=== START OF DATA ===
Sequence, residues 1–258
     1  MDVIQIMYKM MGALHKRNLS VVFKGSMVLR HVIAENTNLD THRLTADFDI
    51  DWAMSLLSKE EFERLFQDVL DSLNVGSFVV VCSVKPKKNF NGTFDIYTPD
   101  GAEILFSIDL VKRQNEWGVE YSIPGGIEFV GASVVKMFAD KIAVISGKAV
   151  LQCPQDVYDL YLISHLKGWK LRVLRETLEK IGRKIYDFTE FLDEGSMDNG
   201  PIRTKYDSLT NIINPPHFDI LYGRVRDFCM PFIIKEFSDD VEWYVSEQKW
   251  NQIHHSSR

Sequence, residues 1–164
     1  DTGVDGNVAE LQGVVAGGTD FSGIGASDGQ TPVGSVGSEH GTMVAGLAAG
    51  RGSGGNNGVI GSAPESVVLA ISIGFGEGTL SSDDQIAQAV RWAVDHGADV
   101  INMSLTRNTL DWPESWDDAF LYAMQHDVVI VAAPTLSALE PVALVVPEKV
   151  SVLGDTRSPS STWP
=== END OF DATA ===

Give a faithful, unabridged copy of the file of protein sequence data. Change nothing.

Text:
Sequence, residues 1–258
     1  MDVIQIMYKM MGALHKRNLS VVFKGSMVLR HVIAENTNLD THRLTADFDI
    51  DWAMSLLSKE EFERLFQDVL DSLNVGSFVV VCSVKPKKNF NGTFDIYTPD
   101  GAEILFSIDL VKRQNEWGVE YSIPGGIEFV GASVVKMFAD KIAVISGKAV
   151  LQCPQDVYDL YLISHLKGWK LRVLRETLEK IGRKIYDFTE FLDEGSMDNG
   201  PIRTKYDSLT NIINPPHFDI LYGRVRDFCM PFIIKEFSDD VEWYVSEQKW
   251  NQIHHSSR

Sequence, residues 1–164
     1  DTGVDGNVAE LQGVVAGGTD FSGIGASDGQ TPVGSVGSEH GTMVAGLAAG
    51  RGSGGNNGVI GSAPESVVLA ISIGFGEGTL SSDDQIAQAV RWAVDHGADV
   101  INMSLTRNTL DWPESWDDAF LYAMQHDVVI VAAPTLSALE PVALVVPEKV
   151  SVLGDTRSPS STWP